Mesachie Lake is a small lake next to Cowichan Lake. It was home to the Hillcrest Lumber Company sawmill from the 1940's to the 1960's. The property where the mill once stood is now a private children's Summer camp so public access is not allowed. I've been diving several of the old lumber mill sites around Cowichan Lake and I wanted to see what was underwater here.
From the B.C. Archives:
From the Cowichan Valley Museum and Archives:
        I drove up for a dive on June 18, 2018. I parked on South Shore Road. The drop from the road to the lake is mostly too steep to access the water. There is one spot where it was just barely possible. I slid down the steep slope of loose rock and pushed my way through the trees to the water.
        It was a very hot day (I find the Cowichan Valley is much hotter than Victoria in the Summer) and I was already overheating. I now had to struggle through the 1-2' deep water to wade out to where it was deep enough to swim. I almost immediately sank into the silt up to my waist. The water boiled around me with foul-smelling hydrogen sulfide gas that was released from the decomposing organic matter in the mud. I tried to ignore the fact that breathing in too much of this gas can be fatal and I struggled onward. The bottom was a deep mess of mud, branches and twigs that was very difficult to wade/crawl through (especially while carrying my cameras). Even without the heat, this was probably the most difficult dive access I've ever done. I definitely wouldn't do it again. I eventually made it through to water that was deep enough to swim in. This area had a row of pilings that I think was from the old railroad log dump. The water was only maybe 3' deep. Visibility was less than expected (around 10').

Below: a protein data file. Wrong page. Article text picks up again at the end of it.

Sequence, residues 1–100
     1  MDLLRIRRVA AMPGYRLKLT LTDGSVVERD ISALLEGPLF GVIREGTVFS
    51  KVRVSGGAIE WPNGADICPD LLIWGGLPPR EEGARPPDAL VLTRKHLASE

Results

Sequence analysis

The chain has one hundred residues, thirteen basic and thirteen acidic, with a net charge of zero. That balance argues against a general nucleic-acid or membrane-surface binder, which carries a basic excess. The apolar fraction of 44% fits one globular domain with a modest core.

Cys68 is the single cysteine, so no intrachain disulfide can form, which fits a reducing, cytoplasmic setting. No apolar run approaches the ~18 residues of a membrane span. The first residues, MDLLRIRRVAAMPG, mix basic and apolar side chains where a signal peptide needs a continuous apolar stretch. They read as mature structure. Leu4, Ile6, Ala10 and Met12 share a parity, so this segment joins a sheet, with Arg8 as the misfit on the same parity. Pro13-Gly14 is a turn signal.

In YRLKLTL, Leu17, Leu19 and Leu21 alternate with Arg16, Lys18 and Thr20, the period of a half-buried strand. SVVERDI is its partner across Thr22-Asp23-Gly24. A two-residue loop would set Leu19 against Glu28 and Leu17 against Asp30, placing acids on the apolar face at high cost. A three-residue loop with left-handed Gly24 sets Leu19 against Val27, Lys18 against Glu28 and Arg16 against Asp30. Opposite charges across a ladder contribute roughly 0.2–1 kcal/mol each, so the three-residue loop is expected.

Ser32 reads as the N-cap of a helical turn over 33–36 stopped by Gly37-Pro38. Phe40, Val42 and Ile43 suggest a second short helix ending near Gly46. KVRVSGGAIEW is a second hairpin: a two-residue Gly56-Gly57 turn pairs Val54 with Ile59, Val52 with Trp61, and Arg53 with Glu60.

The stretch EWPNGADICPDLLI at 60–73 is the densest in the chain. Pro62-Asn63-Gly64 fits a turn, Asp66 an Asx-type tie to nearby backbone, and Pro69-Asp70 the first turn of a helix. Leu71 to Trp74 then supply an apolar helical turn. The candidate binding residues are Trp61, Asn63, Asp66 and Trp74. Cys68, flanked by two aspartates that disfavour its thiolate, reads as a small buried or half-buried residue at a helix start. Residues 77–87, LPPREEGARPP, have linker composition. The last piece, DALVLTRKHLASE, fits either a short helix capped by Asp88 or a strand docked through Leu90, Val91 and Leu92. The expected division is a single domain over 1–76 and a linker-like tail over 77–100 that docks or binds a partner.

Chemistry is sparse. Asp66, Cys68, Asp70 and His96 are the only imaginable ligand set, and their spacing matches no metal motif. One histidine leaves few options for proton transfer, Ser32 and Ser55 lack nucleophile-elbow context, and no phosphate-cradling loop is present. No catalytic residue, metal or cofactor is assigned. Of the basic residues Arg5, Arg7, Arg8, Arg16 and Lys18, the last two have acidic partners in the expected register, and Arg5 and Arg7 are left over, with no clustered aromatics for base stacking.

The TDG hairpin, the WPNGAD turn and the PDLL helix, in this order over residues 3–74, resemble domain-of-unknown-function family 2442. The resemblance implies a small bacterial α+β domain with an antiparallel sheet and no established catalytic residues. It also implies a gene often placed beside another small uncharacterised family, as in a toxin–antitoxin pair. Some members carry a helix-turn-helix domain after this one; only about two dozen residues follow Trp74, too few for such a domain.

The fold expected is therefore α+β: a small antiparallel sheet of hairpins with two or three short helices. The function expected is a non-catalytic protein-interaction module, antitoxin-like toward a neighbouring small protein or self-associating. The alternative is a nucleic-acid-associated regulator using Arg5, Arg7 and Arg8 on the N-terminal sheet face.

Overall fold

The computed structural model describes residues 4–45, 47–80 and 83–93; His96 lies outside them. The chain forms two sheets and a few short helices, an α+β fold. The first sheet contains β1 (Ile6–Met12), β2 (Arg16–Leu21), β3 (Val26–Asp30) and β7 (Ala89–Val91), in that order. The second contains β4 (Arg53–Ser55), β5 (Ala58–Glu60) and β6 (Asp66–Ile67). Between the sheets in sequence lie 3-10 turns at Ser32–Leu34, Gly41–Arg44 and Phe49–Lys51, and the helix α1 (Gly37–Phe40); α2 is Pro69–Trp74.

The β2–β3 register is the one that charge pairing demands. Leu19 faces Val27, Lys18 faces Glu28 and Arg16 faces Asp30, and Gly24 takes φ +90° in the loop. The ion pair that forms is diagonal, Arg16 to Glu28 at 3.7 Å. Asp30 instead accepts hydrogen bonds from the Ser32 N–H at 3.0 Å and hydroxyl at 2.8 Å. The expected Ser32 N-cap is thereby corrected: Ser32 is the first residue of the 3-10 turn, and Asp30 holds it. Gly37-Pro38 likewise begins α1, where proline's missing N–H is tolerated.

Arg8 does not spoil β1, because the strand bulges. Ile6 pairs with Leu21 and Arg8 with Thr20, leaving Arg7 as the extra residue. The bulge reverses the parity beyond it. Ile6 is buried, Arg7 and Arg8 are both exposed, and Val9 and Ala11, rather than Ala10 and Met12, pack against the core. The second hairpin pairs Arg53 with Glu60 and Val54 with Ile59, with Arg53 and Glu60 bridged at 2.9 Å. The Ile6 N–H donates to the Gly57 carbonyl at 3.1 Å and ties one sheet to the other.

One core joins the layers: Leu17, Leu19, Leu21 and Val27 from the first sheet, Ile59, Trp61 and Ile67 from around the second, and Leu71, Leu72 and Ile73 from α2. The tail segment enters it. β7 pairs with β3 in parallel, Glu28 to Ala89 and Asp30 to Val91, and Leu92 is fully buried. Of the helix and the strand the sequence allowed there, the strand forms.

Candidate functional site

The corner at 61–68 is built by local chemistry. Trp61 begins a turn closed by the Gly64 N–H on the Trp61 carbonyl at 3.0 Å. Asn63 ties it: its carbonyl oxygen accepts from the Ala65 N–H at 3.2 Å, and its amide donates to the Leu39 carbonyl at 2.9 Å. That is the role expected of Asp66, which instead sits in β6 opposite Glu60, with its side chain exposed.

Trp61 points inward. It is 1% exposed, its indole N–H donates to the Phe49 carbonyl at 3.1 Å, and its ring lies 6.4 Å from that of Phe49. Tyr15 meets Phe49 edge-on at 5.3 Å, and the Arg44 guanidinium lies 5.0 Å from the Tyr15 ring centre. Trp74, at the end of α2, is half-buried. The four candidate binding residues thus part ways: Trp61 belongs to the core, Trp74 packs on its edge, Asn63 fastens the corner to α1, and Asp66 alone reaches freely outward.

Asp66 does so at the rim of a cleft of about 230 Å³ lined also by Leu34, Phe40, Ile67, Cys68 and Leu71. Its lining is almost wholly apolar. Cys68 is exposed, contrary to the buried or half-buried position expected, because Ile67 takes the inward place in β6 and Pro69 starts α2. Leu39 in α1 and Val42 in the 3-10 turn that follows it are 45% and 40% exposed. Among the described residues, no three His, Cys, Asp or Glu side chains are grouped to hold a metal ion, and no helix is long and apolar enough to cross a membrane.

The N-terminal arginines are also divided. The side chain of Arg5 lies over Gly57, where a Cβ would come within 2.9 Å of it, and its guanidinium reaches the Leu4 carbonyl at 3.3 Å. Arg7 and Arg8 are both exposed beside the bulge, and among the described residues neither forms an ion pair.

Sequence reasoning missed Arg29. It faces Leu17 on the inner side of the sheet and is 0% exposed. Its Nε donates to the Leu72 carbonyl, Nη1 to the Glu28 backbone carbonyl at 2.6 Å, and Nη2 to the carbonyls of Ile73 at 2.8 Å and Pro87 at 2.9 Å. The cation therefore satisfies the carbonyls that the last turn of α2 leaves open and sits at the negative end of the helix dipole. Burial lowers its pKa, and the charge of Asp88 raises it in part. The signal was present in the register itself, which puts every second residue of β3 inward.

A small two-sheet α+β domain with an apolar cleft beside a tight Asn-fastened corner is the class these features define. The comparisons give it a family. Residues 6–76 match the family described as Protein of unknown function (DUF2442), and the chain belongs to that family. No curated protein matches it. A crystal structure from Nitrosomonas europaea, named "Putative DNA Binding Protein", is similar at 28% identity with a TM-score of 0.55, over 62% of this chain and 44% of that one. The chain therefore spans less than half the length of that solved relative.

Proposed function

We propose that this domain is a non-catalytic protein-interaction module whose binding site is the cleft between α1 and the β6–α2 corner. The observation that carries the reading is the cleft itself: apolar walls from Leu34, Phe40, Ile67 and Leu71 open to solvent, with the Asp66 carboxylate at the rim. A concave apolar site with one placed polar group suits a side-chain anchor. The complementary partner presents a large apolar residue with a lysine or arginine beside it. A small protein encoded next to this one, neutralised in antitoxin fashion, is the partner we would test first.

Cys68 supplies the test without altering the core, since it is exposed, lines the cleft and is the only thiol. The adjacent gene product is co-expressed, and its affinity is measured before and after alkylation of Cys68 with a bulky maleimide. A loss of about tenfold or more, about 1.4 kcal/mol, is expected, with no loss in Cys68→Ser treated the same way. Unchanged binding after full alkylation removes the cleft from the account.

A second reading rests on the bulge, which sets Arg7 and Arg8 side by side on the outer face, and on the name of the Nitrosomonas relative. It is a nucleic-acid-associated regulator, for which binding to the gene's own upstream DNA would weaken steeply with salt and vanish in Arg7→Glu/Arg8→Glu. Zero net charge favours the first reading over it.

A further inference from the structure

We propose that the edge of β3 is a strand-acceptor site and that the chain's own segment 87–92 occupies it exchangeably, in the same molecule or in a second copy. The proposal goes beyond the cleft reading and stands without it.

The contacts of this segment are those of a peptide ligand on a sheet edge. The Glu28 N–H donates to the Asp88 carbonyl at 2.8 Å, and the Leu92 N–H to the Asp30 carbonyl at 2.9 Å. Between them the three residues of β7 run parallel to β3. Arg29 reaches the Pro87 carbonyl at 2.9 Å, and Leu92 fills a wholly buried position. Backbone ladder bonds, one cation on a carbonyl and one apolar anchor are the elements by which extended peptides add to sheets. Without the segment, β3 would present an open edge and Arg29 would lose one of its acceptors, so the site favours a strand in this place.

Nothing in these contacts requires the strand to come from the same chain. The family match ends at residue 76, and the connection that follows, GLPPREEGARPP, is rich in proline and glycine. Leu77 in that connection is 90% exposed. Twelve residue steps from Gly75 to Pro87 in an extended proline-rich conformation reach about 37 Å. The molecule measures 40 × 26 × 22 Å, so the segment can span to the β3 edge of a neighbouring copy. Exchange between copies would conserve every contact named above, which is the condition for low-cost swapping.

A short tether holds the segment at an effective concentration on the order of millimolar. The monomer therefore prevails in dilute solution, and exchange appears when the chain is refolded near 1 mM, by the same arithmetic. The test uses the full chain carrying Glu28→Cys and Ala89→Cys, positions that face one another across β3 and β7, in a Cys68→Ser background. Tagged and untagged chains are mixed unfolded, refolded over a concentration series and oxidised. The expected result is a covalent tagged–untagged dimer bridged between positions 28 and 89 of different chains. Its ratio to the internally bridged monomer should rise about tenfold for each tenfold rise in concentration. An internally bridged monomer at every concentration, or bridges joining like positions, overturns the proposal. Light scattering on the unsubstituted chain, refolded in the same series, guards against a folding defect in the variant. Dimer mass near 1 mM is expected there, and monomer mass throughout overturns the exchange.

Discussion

I swam out over the bottom, following my compass towards the far shoreline where the mill used to be. The bottom here was 30-40' deep and it was dark and spooky in the murk. There were lots of logs piled around. I didn't see any fish, but there were a few crayfish.
I saw a peavy (a tool for hooking floating logs). In an old picture from the Hillcrest mill one of the workers is holding a similar peavy.
As I ascended up the slope, the water in some areas was full of white bits, almost like plankton.
I swam in the shallows along the shoreline where the mill used to be. There was surprisingly little metal debris left over from the mill. I saw a few medium-sized trout and more crayfish.
        I swam back along the shoreline, but this time near the bottom of the slope (about 30' deep). There still wasn't much large debris, except for the logs.
        I followed my compass back along the bottom to where I started. I don't think this spot is worth diving again. The difficult access and poor visibility compared to nearby Cowichan Lake discourage me from coming back.
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